The Fox Nation was created for people who believe in the United States of America and its ideals, as expressed in the Constitution, the Declaration of Independence, and the Emancipation Proclamation. It is a community that believes in the American Dream: life, liberty, and the pursuit of happiness. One that believes being an American is an honor, as well as a great responsibility – and a wonderful adventure.

This is a place for people who believe we live in a great country, a welcoming refuge for legal immigrants who want to contribute their talents and abilities to make our way of life even greater. We believe we should enjoy the company and support of each other, delighting in the creativity, ingenuity, and work ethic of one and all, while observing the rules of civility and mutual respect and, most importantly, strengthening our diverse society by striving for unity.

"The Fox Nation is committed to the core principles of tolerance, open debate, civil discourse, and fair and balanced coverage of the news. It is for those opposed to intolerance, excessive government control of our lives, and attempts to monopolize opinion or suppress freedom of thought, expression, and worship."

As in a book, a bibliography usually accompany quotes. Please let the readers know the source of your research, in the spirit of open debate and civil discourse.

jt, Fox recognizes the best in yellow journalistic talent when they see it.

bonfire - amen to that

oar country - google (which normally is about as reliable ... or less so ... than FOX NEWS)

FOX News, rated America's #1 source for news according to the Gallup Poll. FOX--fair and balanced. We report, you decide.

and the screetchy sound of the broken record goes on ... and on ... and on ...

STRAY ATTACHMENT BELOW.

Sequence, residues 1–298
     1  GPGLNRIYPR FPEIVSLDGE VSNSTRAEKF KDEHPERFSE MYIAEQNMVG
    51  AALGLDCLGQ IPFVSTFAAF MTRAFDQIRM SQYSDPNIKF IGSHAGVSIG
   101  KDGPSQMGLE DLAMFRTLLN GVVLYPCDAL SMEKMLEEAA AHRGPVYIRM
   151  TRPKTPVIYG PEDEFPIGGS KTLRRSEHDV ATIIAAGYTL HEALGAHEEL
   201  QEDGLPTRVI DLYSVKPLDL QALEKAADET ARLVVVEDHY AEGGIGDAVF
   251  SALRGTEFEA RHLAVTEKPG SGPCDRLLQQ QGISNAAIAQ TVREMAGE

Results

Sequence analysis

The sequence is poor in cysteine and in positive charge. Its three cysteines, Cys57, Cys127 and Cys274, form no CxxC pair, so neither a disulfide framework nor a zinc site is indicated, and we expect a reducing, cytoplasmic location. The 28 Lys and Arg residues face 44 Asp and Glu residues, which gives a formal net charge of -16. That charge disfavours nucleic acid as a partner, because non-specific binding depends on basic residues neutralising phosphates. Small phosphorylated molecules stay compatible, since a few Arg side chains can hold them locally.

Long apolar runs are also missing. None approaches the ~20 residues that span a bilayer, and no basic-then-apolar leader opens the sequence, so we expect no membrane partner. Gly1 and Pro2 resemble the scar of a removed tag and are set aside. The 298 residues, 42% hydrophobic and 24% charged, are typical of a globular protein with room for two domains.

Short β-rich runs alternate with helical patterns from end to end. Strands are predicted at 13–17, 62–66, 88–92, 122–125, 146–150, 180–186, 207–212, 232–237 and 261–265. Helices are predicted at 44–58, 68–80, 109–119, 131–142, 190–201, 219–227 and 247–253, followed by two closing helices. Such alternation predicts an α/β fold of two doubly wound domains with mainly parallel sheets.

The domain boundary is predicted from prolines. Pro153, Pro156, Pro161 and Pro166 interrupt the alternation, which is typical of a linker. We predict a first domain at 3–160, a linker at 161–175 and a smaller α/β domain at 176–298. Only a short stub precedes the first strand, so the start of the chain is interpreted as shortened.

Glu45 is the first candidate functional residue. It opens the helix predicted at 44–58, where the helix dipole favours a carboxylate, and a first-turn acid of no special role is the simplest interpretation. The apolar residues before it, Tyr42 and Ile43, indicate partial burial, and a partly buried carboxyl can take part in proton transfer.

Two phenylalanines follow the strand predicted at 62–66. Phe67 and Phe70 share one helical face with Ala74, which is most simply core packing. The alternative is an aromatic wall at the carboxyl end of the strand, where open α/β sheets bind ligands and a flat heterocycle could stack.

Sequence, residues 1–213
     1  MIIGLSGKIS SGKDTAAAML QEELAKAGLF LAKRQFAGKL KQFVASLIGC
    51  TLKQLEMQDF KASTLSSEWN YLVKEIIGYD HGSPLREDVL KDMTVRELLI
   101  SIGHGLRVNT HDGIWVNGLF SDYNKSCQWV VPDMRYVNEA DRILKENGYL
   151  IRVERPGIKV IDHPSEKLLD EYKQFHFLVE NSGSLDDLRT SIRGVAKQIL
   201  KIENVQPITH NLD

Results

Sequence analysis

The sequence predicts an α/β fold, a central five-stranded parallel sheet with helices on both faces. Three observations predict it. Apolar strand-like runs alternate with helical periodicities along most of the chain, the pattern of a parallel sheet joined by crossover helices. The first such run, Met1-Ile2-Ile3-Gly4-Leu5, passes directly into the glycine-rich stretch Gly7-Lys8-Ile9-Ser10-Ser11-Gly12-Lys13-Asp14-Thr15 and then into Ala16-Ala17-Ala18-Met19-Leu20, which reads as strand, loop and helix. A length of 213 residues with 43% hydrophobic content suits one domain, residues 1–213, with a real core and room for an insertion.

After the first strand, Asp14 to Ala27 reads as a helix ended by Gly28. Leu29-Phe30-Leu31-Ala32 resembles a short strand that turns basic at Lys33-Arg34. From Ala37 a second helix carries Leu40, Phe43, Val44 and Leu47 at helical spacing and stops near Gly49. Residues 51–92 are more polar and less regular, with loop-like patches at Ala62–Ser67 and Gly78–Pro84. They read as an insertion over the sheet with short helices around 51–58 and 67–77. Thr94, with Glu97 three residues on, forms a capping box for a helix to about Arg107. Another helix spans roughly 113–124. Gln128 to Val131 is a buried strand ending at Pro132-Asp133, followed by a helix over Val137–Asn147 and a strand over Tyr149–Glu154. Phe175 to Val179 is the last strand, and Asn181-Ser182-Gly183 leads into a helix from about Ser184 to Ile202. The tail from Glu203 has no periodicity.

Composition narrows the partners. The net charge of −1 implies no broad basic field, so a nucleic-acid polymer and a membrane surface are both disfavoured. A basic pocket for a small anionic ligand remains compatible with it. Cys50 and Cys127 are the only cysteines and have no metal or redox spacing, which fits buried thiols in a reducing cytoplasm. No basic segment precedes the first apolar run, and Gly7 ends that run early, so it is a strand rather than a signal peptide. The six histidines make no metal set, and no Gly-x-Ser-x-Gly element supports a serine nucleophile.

Is this the poll to which you refer ...

(so combine poll A with poll B and what do we learn!!!)

and the funny papers girl keeps whining, whining and whining. Go buy another bag of gummy worms, and enjoy your day down in the hole. Opps, I forgot. You are a transvestite, but you never provided readers with evidence of your gender. Guess we'll never know.

The true sign of one who debates ... argues ... discusses, that they can carry their arguments no further (aka "give up") is in name calling ... negative labeling.

(also helps to add evidence in support of the FD survey mentioned above!!!)

Therefore past time to move on beyond the inane.

And in retrospect, ditto to your comments about me. Go back in the archives, readers.

Roger Ailies, CEO of FOX News for News Corp, parent company of FOX, has an extraordinary eye for news talent and has built the leader in news with his skills in a short period of time. bf, who likes to use colors to describe news journalists, never mentions the "pinko" personalities on PMSNBC or PBS or NPR. They are "pinkos", aren't they, bf?

Tit for tat, as much as it hurts you "pinkos"!

The other two names who left their network to join FOX were Liz Clayman, who left CNBC to join FOX Business Network and John Stossel, who left ABC to join FOX News as an investigative journalist. Geraldo Rivera left CNBC to join FOX News as an investigative reporter and hosts a weekend program on the network.

There are certainly more, but these are the ones that I remember by watching brand X networks years ago.

Also, Erin Andrews, sports babe and college basketball analyst, left ESPN (a unit of ABC) to join FOX Sports. FOX Sports will be launching a total sports network in August. Stay tuned as Roger Ailies plucks the best talent from the networks working their way to the rear to staff the new sports network.

Within 5 years, FOX will completely dominate the news, business news and sports scene due to superb talent, clear crisp graphics and the best presentation in the business. Let's check back 5 years from now, if I'm still alive.


Gee. Maybe you should see your doctor and get some Seroquel or Xanax to ease your anxiety. I don't recommend you use them unsupervised, only under strict doctor's care. Must be hard to live from day to day in your condition...jt.

and round and round he goes, and where he'll stop ... everybody knows.